Forwarding units 16 receive via IFCs 108 data session traffic associated with a subscriber session. If necessary, forwarding units 16 internally forward the data session traffic to one of forwarding units 16 that anchors the subscriber session. Forwarding units 16 may also receive via IFCs 108 control session traffic associated with a subscriber session. If necessary, forwarding units 16 internally forward the control session traffic to one of service units 14 that anchors the subscriber session. Further details regarding internal packet forwarding are found in U.S. patent application Ser. No. 13/248,834, filed Sep. 9, 2011 and entitled “MOBILE ACCESS GATEWAY HAVING REDUCED FORWARDING STATE FOR ANCHORING MOBILE SUBSCRIBERS,” the entire contents being incorporated by reference herein.

Routing unit 106 of control plane 100 executes the routing functionality of mobile access gateway 4. As illustrated in the example of FIG. 3, routing unit 106 comprises a routing information base (“RIB”) 114, a routing protocol daemon (“RPD”) 116, and a resource manager 118. RIB 114 stores routing information. For instance, RIB 114 may store information that defines a topology of a network, such as content access network 8 and/or packet data network 10 of FIG. 1. Routing protocol daemon 116 uses routing protocols by which mobile access gateway 4 exchanges the routing information stored in RIB 114 with other routers. Furthermore, routing protocol daemon 116 may resolve the topology defined by routing information in RIB 114 to select or determine one or more routes through content access network 8 and/or packet data network 10. For each selected route, routing protocol daemon 116 adds an entry to a route table that specifies, for the selected route, one or more outbound interfaces of various IFCs 108. In various examples, the route table is implemented in various ways. For example, the route table may be implemented as a radix tree having nodes that each key to a network address prefix and specify an outbound interface for the network address prefix. In this example, the network address prefixes may be IPv4IPv6 network address prefixes.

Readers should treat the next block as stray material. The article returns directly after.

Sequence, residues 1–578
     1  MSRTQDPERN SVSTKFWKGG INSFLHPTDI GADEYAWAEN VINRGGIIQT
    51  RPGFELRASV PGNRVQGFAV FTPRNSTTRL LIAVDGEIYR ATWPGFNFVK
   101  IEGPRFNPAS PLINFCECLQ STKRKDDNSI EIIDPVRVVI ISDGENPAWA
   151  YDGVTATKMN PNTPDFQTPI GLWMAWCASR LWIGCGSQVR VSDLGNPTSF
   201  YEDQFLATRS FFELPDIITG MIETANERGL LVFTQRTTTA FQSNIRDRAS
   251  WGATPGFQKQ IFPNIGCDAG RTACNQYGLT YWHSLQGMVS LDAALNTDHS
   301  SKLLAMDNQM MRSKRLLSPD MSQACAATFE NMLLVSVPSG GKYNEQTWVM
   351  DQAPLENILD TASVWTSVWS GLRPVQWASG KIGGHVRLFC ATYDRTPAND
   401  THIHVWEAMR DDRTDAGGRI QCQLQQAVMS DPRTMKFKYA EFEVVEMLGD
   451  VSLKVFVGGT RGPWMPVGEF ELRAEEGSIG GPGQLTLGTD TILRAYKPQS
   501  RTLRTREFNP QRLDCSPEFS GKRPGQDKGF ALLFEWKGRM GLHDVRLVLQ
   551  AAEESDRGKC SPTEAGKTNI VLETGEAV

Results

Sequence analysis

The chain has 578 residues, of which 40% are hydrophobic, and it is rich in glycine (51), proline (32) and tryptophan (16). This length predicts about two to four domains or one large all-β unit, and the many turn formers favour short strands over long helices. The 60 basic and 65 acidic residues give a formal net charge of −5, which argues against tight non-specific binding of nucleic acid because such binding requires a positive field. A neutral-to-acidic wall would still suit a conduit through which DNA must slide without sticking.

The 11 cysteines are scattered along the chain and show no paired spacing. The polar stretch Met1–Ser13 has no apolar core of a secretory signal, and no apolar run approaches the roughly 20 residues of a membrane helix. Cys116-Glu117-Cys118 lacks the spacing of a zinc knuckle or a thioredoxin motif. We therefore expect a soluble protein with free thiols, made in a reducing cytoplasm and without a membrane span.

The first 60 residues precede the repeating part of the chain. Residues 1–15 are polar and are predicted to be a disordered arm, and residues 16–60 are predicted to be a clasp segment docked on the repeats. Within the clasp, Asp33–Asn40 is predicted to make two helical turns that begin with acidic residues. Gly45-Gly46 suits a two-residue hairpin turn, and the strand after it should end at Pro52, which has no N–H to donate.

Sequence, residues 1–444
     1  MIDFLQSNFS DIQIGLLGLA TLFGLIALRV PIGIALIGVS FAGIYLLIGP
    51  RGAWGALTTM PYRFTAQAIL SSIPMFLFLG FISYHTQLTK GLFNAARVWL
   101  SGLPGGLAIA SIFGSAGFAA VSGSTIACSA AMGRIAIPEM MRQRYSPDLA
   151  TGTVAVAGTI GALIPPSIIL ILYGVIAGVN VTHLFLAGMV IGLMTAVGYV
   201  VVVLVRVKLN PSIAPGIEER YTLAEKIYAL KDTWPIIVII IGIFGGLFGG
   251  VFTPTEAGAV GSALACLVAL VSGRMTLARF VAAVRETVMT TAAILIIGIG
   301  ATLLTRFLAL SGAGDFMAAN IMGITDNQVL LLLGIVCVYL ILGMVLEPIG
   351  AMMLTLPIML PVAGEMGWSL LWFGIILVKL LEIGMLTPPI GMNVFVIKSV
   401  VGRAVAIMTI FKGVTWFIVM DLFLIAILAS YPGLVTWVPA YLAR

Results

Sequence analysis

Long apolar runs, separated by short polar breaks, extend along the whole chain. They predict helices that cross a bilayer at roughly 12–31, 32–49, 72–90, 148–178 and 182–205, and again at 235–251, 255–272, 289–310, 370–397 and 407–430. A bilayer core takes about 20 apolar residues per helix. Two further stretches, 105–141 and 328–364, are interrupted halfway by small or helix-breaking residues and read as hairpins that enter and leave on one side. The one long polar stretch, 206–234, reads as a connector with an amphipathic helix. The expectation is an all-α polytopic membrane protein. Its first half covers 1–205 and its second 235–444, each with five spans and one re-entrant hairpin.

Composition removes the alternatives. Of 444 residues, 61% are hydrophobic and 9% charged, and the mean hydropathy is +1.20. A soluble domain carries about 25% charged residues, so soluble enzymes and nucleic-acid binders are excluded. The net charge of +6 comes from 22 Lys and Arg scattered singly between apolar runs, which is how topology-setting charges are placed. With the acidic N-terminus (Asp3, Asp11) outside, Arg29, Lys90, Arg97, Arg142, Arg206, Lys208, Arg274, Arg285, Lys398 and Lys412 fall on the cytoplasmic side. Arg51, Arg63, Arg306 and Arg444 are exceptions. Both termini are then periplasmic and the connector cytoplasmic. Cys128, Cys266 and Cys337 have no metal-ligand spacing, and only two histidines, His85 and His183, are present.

Routing protocol daemon 116 may update forwarding plane 102 with forwarding information directly or via resource manager 118. Further details of one example embodiment of a router can be found in U.S. patent application Ser. No. 12/182,619, filed Jul. 30, 2008 and entitled “STREAMLINED PACKET FORWARDING USING DYNAMIC FILTERS FOR ROUTING AND SECURITY IN A SHARED FORWARDING PLANE,” which is incorporated herein by reference. Resource manager 118 of routing unit 106 allocates and manages resources of mobile access gateway 4 among service units 14 and forwarding units 16. In addition, resource manager 118 may mediate communication among service units 14 and other components of control plane 100.

Each of service units 14 presents a uniform interface to downstream devices and provides decentralized subscriber session setup and management for mobile access gateway 4. For example, service units 14 may be addressable by the same PDP address. In this example, control messages destined for the PDP address of service units 14 may therefore be handled by any of service units 14. Each of service units 14 may be associated with a unique identifier that identifies the service unit to other components of mobile access gateway 4. For example, the identifiers of service units 14 may include indexes, slots, identifying strings, internal IP addresses, link layer addresses or other unique identifiers that uniquely identify service units 14 to other components of mobile access gateway 4.